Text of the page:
America faces a substitute teacher shortage—and disadvantaged schools are hit hardest

Brown Center Chalkboard - The Brookings Institution

Substitute teachers are an important (yet oft-ignored) group of educators in the U.S. school system. The reason is simple: Substitute teachers spend substantial time with K-12 students. Like other professionals, teachers are absent from work for various reasons, such as sickness, professional development, or personal issues. Based on one estimate drawn from a sample of large U.S. metropolitan districts, teachers miss an average of about 11 days out of a 186-day school year. This means that students spend, on average, approximately two-thirds of a school year with substitute teachers during the entirety of their K-12 schooling—not a trivial amount of time.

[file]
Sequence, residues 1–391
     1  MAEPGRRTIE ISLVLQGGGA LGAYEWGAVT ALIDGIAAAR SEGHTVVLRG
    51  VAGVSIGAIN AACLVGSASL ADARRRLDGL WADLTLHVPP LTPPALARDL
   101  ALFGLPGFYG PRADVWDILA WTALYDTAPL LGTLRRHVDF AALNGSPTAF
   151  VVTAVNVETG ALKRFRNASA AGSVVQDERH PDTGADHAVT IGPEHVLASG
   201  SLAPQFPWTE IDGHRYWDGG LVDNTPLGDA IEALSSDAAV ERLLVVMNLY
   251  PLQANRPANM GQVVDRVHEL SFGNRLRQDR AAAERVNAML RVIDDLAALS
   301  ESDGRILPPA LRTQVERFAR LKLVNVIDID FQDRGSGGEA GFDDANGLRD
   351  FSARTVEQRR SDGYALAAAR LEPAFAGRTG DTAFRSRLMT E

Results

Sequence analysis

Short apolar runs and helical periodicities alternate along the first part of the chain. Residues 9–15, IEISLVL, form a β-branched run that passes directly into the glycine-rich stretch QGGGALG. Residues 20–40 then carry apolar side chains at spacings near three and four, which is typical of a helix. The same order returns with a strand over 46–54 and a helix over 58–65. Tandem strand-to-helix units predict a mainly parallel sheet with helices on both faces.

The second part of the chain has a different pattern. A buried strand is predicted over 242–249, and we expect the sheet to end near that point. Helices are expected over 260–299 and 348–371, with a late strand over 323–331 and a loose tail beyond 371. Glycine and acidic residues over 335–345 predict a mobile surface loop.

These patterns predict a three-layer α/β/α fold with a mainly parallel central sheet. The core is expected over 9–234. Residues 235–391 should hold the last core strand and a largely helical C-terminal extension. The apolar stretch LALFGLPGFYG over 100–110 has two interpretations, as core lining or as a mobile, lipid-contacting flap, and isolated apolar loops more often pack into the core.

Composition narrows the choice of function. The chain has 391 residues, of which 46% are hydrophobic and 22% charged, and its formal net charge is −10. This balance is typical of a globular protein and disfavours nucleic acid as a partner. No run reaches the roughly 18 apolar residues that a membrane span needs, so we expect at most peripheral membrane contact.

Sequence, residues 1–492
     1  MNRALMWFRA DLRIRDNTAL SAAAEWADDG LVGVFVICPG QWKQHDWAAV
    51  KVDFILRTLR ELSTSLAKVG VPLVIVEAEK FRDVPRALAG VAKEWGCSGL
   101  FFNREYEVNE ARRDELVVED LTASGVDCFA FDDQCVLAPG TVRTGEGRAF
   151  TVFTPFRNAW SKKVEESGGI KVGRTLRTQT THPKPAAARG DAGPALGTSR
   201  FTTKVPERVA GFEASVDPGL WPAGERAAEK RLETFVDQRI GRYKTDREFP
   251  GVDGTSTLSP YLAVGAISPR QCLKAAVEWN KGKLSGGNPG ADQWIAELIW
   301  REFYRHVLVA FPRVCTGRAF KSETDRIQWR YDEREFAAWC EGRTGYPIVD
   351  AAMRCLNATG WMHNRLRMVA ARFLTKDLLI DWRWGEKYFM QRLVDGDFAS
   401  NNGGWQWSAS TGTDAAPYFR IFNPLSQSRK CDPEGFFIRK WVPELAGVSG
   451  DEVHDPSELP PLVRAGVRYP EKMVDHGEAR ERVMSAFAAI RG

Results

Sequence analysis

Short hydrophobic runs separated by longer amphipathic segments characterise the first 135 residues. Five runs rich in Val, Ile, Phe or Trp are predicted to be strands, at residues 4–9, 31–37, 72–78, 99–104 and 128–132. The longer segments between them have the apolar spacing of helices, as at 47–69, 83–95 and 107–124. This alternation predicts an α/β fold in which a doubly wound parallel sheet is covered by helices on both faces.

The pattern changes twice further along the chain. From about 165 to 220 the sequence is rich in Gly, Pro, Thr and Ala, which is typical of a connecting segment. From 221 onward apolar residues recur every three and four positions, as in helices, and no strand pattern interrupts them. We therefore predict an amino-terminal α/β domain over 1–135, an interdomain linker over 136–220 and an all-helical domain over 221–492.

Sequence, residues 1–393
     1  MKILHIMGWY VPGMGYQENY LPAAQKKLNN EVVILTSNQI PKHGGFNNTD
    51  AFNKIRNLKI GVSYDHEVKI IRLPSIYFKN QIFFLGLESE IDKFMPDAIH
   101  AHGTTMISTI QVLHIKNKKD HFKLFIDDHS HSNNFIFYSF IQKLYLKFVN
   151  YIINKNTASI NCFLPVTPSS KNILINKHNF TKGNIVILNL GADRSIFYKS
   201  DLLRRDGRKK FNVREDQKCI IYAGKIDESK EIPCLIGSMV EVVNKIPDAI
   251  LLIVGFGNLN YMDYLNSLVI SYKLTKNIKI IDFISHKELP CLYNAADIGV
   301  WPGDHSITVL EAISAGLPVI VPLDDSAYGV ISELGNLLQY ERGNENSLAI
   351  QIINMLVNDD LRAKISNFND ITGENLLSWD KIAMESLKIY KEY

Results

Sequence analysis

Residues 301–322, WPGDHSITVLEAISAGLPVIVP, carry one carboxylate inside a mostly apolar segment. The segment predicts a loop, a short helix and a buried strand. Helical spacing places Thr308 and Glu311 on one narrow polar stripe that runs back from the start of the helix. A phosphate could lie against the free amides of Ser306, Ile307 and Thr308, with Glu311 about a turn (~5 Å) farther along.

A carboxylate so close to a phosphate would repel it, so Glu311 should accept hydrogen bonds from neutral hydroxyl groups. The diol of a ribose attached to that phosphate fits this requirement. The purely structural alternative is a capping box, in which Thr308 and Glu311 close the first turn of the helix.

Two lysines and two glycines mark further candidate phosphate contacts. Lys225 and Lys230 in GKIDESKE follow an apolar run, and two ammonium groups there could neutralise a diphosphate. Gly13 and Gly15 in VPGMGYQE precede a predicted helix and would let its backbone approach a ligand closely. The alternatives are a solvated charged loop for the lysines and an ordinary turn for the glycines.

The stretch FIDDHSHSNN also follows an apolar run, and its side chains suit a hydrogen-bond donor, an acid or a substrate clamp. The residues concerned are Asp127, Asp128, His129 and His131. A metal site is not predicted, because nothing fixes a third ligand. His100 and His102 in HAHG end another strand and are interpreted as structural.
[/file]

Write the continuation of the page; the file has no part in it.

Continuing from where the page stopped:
Teacher absences are not only common, but also detrimental to student learning. Based on one study, 10 additional teacher absences lead to 1.2% and 0.6% of a standard deviation decrease in math and English Language Arts test scores, respectively. Several other research papers using data from multiple contexts reached similar findings. Higher-quality substitute teachers may be able to mitigate some of the negative impacts of teacher absences. Indeed, one study shows that certified substitute teachers are more effective than their uncertified peers.


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